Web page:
A Travellerspoint blog

North to Alaska - Crystal Symphony

Sitka

semi-overcast 60 °F

Today we pulled into Sitka, one of the more important cities in Alaskan and US History.

Russian explorers settled Old Sitka in 1799, naming it Fort Saint Michael. The governor of Russian America, Alexander Baranov, arrived under the auspices of the Russian-American Company, a colonial trading company chartered by Tsar Paul I. In June 1802, Tlingit warriors destroyed the original settlement, killing many of the Russians, with only a few managing to escape. Baranov was forced to levy 10,000 rubles in ransom for the safe return of the surviving settlers. Baranov returned to Sitka in August 1804 with a large force, including Yuri Lisyansky's Neva. The ship bombarded the Tlingit fortification on the 20th, but was not able to cause significant damage. The Russians then launched an attack on the fort and were repelled. Following two days of bombardment, the Tlingit "hung out a white flag" on the 22nd, deserting the fort on the 26th. Following their victory at the Battle of Sitka, the Russians established the settlement "New Archangel", named after Arkhangelsk. As a permanent settlement, New Archangel became the largest city in the region. The Tlingit re-established their fort on the Chatham Strait side of Peril Strait to enforce a trade embargo with the Russian establishment. In 1808, with Baranov still governor, Sitka was designated the capital of Russian America. Bishop Innocent lived in Sitka after 1840. He was known for his interest in education, and his house, parts of which served as a schoolhouse, the Russian Bishop's House has since been restored by the National Park Service as part of the Sitka National Historical Park. The original Cathedral of Saint Michael was built in Sitka in 1848 and became the seat of the Russian Orthodox bishop of Kamchatka, the Kurile and Aleutian Islands, and Alaska. The original church burned to the ground in 1966. Although the church was restored to its original appearance, one exception was its clock face which is black in photographs taken before 1966, but white in subsequent photos.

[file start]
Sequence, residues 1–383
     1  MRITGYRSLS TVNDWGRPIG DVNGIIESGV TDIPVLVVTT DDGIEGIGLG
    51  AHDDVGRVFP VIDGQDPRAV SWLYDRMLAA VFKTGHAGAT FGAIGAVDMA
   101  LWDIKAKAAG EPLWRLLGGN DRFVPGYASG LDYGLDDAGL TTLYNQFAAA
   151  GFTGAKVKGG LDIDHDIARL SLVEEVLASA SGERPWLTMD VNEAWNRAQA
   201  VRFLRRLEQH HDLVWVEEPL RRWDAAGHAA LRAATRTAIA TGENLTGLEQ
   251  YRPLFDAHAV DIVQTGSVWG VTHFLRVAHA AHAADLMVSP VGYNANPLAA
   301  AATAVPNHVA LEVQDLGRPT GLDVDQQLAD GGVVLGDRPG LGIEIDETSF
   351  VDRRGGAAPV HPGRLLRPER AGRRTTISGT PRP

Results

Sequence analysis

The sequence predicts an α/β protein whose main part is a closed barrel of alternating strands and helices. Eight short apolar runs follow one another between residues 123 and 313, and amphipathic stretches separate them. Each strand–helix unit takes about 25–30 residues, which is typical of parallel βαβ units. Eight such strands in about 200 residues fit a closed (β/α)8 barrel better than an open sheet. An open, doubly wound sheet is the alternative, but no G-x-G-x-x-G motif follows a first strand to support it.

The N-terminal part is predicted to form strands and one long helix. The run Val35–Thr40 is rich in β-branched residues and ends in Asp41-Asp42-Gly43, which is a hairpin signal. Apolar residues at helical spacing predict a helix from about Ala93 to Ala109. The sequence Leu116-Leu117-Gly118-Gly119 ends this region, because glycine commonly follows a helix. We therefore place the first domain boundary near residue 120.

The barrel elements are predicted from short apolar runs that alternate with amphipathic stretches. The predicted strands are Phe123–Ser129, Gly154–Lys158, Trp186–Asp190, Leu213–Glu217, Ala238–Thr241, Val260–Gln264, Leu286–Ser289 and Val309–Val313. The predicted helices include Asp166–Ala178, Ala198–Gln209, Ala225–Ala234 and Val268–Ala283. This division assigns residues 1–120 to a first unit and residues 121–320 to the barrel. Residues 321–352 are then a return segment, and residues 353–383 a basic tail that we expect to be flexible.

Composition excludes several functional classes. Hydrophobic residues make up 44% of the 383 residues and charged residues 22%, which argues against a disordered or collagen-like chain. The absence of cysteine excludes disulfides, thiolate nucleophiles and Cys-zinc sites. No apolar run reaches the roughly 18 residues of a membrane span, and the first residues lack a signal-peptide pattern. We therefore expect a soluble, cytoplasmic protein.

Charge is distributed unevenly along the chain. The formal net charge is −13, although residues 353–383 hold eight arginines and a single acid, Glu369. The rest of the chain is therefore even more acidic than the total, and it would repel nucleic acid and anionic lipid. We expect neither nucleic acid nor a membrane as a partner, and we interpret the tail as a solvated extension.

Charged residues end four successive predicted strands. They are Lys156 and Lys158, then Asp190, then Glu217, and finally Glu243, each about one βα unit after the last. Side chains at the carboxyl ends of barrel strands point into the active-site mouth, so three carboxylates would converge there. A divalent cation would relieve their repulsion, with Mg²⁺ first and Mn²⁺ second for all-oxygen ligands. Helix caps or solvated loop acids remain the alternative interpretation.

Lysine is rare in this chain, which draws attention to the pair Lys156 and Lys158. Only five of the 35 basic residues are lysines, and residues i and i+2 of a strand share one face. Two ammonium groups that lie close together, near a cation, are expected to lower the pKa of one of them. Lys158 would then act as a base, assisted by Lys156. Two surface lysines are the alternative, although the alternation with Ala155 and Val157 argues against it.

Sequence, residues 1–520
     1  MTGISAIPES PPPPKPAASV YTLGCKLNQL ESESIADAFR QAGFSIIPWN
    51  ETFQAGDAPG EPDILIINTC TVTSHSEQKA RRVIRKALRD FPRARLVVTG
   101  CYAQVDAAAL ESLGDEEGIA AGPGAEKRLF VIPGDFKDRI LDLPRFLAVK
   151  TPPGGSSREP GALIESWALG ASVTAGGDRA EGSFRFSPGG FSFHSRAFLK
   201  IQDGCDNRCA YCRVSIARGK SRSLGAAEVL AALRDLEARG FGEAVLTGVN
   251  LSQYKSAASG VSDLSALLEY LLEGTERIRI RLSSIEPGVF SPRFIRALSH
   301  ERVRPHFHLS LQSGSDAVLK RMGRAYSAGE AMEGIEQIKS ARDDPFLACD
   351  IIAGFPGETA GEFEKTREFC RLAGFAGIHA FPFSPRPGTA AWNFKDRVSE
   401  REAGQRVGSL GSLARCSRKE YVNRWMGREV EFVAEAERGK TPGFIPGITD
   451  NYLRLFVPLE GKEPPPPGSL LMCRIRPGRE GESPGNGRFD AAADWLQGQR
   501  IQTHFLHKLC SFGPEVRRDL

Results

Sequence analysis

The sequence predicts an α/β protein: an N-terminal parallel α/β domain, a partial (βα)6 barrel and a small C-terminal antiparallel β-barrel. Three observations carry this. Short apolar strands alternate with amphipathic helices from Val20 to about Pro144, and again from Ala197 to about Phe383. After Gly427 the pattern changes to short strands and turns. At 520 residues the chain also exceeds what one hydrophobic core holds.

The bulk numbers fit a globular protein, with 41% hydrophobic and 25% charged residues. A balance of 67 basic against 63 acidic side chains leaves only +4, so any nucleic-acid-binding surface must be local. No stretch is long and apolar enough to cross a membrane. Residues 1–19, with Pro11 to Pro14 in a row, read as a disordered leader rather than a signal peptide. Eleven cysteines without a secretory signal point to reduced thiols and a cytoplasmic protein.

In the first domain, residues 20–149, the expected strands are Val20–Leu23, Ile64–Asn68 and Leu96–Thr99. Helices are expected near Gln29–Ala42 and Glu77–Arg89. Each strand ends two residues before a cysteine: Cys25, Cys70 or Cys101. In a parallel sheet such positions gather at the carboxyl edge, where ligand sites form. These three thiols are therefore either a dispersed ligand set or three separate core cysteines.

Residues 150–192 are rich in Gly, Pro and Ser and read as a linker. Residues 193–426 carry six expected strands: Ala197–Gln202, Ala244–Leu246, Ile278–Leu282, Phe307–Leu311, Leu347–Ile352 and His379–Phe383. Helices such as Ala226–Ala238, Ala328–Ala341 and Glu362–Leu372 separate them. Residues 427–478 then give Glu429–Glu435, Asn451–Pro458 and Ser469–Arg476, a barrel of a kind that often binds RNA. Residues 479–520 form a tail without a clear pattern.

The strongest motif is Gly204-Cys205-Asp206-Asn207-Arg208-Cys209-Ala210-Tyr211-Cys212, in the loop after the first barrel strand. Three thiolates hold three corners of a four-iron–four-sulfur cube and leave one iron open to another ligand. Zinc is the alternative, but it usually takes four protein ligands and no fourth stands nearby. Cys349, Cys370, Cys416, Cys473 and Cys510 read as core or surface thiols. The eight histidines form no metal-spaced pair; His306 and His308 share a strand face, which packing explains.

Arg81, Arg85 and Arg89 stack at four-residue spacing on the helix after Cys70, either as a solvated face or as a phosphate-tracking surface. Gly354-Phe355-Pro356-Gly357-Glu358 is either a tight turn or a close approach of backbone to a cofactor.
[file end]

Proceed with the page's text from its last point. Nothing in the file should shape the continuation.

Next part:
Sitka was the site of the transfer ceremony for the Alaska purchase on October 18, 1867. Russia was going through economic and political turmoil after it lost the Crimean War to Britain, France, and the Ottoman Empire in 1856 and decided it wanted to sell Alaska before it was taken over by Britain. Russia offered to sell it to the United States. Secretary of State William Seward had wanted to purchase Alaska for quite some time as he saw it as an integral part of Manifest Destiny and America's reach to the Pacific Ocean. While the agreement to purchase Alaska was made in April 1867, the actual purchase and transfer of control took place on October 18, 1867. The cost to purchase Alaska was $7.2 million, 2 cents per acre (US Currency in 1897). The block house where the transfer was made still stands.

large_DSC_0660.jpglarge_DSC_0661.jpglarge_DSC_0663.jpglarge_DSC_0666.jpglarge_DSC_0668.jpglarge_DSC_0672.jpglarge_8d8c09f0-c081-11e9-a74b-ab0b4a0f2539.jpglarge_89a70790-c081-11e9-a74b-ab0b4a0f2539.jpglarge_916ec260-c081-11e9-a74b-ab0b4a0f2539.jpglarge_8c08ec60-c081-11e9-a74b-ab0b4a0f2539.jpglarge_91d79650-c081-11e9-a74b-ab0b4a0f2539.jpg

Posted by rpickett 16:47 Archived in USA Tagged sitka

Table of contents

Be the first to comment on this entry.

Comments on this blog entry are now closed to non-Travellerspoint members. You can still leave a comment if you are a member of Travellerspoint.

Enter your Travellerspoint login details below

( What's this? )

If you aren't a member of Travellerspoint yet, you can join for free.

Join Travellerspoint